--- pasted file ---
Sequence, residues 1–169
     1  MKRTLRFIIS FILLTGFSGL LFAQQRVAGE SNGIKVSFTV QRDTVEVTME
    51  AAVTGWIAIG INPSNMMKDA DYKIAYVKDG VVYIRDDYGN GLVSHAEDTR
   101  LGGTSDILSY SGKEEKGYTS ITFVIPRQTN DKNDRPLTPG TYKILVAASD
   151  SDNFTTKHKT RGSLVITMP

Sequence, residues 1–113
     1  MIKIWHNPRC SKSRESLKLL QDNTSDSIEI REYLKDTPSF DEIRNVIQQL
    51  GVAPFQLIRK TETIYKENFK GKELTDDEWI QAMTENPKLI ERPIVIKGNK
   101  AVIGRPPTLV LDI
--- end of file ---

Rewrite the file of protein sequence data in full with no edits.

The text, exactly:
Sequence, residues 1–169
     1  MKRTLRFIIS FILLTGFSGL LFAQQRVAGE SNGIKVSFTV QRDTVEVTME
    51  AAVTGWIAIG INPSNMMKDA DYKIAYVKDG VVYIRDDYGN GLVSHAEDTR
   101  LGGTSDILSY SGKEEKGYTS ITFVIPRQTN DKNDRPLTPG TYKILVAASD
   151  SDNFTTKHKT RGSLVITMP

Sequence, residues 1–113
     1  MIKIWHNPRC SKSRESLKLL QDNTSDSIEI REYLKDTPSF DEIRNVIQQL
    51  GVAPFQLIRK TETIYKENFK GKELTDDEWI QAMTENPKLI ERPIVIKGNK
   101  AVIGRPPTLV LDI